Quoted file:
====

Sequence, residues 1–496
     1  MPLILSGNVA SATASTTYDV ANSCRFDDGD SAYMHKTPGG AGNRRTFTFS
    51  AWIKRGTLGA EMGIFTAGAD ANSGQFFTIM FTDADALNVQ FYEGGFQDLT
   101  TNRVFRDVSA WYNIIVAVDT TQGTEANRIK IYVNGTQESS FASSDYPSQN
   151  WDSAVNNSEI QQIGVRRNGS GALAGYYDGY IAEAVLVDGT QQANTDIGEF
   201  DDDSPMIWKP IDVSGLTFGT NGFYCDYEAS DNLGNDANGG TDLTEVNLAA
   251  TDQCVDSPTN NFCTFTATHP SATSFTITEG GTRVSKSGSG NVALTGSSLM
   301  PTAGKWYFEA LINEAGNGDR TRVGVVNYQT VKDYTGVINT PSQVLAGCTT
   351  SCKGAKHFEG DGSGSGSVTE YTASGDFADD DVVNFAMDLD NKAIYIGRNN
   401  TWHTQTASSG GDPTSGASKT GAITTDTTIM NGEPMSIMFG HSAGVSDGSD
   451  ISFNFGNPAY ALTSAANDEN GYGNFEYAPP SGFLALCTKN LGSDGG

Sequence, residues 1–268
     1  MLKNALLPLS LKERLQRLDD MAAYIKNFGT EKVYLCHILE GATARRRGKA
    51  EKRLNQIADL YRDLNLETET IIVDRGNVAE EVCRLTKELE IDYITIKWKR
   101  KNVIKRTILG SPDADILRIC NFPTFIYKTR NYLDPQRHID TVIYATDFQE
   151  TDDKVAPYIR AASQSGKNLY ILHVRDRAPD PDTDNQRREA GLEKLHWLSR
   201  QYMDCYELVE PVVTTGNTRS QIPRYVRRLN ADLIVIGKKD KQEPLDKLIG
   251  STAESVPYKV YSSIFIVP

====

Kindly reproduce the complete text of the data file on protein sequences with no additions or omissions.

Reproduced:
Sequence, residues 1–496
     1  MPLILSGNVA SATASTTYDV ANSCRFDDGD SAYMHKTPGG AGNRRTFTFS
    51  AWIKRGTLGA EMGIFTAGAD ANSGQFFTIM FTDADALNVQ FYEGGFQDLT
   101  TNRVFRDVSA WYNIIVAVDT TQGTEANRIK IYVNGTQESS FASSDYPSQN
   151  WDSAVNNSEI QQIGVRRNGS GALAGYYDGY IAEAVLVDGT QQANTDIGEF
   201  DDDSPMIWKP IDVSGLTFGT NGFYCDYEAS DNLGNDANGG TDLTEVNLAA
   251  TDQCVDSPTN NFCTFTATHP SATSFTITEG GTRVSKSGSG NVALTGSSLM
   301  PTAGKWYFEA LINEAGNGDR TRVGVVNYQT VKDYTGVINT PSQVLAGCTT
   351  SCKGAKHFEG DGSGSGSVTE YTASGDFADD DVVNFAMDLD NKAIYIGRNN
   401  TWHTQTASSG GDPTSGASKT GAITTDTTIM NGEPMSIMFG HSAGVSDGSD
   451  ISFNFGNPAY ALTSAANDEN GYGNFEYAPP SGFLALCTKN LGSDGG

Sequence, residues 1–268
     1  MLKNALLPLS LKERLQRLDD MAAYIKNFGT EKVYLCHILE GATARRRGKA
    51  EKRLNQIADL YRDLNLETET IIVDRGNVAE EVCRLTKELE IDYITIKWKR
   101  KNVIKRTILG SPDADILRIC NFPTFIYKTR NYLDPQRHID TVIYATDFQE
   151  TDDKVAPYIR AASQSGKNLY ILHVRDRAPD PDTDNQRREA GLEKLHWLSR
   201  QYMDCYELVE PVVTTGNTRS QIPRYVRRLN ADLIVIGKKD KQEPLDKLIG
   251  STAESVPYKV YSSIFIVP